Indeed. Winner, who later admitted his guilt in a plea bargain, was the first person convicted under the Espionage Act after President Trump cracked down on the leaks when he took office. According to a Times report, his was the longest sentence – over five years – “ever imposed by a federal court for unauthorized disclosure of government information to the media.” And although she got an early release in june for “exemplary behavior”, he is still prohibited from making public statements or appearances.

Plays based on transcriptions appear to face a similar ban, their verbatim nature acting as a stark check on editorial indulgence. (Another piece based on the transcription, “Dana H.”, by Lucas Hnath, opens next week at the Lyceum, where it will work alternately with “Is This a Room. However, in practice, such works are sometimes richer than fiction, if not in words, then in implication.

For me, the implications of “Is This a Room” are clear. The documents Winner leaked to a publication called The Intercept contained evidence of Russian interference in the 2016 elections, an interference that President Trump has struggled to deny. Even though his actions are bad, I find it hard not to make the connection between his excessive punishment and Mr. Trump’s many others. attempts to shame and silence women, whether Stormy Daniels, E. Jean Carroll Where Christine blasey ford.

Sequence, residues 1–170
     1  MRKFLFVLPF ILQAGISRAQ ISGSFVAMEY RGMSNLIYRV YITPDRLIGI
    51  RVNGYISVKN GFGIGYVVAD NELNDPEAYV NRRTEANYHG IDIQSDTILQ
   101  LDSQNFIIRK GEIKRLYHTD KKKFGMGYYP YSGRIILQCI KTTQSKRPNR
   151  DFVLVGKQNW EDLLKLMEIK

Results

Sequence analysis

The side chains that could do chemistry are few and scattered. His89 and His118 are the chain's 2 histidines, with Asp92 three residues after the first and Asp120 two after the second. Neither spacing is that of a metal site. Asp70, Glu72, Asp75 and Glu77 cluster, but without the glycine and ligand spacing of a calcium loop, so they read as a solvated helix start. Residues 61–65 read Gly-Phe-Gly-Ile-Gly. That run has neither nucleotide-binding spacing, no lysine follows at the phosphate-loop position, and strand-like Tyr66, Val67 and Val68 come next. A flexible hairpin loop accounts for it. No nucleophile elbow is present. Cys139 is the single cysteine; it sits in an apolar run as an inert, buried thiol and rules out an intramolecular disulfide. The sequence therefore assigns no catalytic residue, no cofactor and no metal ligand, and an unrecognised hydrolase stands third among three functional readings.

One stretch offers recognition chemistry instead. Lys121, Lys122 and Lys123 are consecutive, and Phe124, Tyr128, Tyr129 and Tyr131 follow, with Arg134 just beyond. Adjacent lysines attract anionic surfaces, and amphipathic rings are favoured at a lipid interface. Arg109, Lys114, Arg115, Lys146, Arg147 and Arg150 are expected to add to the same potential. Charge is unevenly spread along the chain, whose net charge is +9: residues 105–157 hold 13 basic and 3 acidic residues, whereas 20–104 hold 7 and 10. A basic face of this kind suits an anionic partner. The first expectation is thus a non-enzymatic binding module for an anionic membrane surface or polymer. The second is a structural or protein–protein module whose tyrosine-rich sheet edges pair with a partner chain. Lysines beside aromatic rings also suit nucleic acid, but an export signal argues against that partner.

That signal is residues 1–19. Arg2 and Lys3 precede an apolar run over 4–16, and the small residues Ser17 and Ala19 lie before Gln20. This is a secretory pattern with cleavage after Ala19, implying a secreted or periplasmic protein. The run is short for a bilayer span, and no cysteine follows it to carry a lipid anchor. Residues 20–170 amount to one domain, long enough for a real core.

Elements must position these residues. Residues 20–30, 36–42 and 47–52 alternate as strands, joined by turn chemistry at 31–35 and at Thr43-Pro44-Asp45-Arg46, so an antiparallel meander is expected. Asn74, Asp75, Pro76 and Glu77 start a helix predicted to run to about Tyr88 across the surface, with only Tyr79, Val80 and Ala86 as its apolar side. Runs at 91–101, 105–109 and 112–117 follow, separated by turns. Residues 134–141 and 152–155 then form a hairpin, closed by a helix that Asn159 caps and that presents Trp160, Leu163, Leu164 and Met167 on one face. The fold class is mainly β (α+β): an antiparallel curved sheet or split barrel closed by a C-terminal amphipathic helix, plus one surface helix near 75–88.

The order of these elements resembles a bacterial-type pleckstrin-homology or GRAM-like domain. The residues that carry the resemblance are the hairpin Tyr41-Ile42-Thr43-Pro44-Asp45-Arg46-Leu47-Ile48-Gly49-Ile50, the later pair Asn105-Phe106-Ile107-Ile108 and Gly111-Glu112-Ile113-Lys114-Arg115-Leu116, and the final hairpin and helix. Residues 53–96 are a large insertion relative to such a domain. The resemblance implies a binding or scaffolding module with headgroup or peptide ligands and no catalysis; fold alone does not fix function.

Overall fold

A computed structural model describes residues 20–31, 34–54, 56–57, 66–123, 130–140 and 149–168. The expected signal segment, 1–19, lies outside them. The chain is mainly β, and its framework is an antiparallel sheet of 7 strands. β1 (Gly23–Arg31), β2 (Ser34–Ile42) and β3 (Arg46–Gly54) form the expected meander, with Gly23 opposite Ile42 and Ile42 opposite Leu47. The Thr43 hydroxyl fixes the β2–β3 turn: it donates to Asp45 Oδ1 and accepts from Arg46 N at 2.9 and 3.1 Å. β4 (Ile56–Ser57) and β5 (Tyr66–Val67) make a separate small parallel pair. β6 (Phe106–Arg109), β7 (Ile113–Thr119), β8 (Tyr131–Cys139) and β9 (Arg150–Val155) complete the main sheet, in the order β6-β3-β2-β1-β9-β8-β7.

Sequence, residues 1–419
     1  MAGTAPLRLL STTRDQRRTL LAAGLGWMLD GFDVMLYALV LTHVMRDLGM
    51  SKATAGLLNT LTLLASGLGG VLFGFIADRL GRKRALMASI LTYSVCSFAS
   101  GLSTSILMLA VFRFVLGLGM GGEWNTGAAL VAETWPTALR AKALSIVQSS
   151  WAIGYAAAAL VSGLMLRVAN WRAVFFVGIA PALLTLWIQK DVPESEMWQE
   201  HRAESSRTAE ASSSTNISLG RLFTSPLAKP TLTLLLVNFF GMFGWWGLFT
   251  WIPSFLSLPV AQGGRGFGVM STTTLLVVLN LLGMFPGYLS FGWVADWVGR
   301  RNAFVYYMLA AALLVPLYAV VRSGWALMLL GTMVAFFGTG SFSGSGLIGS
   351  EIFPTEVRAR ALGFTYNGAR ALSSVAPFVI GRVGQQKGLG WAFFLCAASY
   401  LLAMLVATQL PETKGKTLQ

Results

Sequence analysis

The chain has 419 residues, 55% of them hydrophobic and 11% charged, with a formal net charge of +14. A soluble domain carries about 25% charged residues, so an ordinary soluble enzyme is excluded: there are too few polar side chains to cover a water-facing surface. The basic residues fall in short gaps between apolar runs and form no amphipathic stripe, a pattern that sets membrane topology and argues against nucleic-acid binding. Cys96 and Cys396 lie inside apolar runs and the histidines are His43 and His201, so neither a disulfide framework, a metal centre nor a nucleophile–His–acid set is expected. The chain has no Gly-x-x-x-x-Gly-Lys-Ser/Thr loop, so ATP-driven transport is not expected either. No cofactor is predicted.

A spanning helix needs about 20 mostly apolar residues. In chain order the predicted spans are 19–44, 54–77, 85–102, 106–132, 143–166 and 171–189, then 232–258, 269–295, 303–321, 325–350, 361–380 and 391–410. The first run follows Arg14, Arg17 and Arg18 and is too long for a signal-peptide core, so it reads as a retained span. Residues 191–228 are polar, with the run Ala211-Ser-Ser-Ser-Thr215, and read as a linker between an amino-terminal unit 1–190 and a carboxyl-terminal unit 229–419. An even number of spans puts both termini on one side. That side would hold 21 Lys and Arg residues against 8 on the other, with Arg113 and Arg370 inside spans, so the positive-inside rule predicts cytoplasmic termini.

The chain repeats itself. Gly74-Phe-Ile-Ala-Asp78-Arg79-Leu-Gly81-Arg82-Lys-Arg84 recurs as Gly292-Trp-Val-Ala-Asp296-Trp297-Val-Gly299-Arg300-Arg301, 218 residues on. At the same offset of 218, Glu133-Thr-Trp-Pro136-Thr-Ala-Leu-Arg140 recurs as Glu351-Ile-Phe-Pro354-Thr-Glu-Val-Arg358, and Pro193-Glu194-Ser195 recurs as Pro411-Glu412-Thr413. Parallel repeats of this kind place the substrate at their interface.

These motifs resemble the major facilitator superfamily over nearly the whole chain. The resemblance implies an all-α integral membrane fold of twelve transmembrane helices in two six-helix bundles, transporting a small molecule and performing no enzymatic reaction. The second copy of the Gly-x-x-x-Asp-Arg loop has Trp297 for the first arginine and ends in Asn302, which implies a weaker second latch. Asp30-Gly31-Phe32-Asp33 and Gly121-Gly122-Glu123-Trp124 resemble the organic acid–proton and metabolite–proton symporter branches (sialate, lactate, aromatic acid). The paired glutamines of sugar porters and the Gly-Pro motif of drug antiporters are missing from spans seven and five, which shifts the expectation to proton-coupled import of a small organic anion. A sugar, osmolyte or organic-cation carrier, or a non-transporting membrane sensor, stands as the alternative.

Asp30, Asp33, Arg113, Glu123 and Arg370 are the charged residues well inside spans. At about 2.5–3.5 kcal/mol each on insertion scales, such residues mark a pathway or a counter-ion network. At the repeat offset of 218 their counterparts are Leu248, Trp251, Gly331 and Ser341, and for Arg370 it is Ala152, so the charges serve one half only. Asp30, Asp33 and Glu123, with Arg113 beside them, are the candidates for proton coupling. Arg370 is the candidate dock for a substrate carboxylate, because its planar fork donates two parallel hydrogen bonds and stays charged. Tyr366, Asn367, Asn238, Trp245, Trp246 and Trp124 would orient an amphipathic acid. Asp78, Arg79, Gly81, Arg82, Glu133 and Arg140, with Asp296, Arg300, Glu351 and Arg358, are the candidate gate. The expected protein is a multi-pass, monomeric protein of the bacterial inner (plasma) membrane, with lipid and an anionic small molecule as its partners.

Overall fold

Far from attenuating the power of the room, this retreat deepens it; it is a story that cannot be spoiled. Even if you saw “Is This a Room” when Satter’s company, Half Straddle, premiered it Off Off Broadway at the Kitchen in January 2019, or the Vineyard Theater later that year, its drama wouldn’t be diminished by now.

This is because, as far as it is a mystery, the question is not what Winner did but what it did to him. “Is This a Room” asks if it is possible to live in a lawless world without becoming lawless ourselves. Is there a place for that? The answer, I’m afraid, is not in the transcript.

Is it a room

Until January 16 at the Lyceum Theater, Manhattan; thelyceumplays.com. Duration: 1 hour 5 minutes.

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Newsrust - US Top News: "Is it a play" review: a transcription becomes an enthralling thriller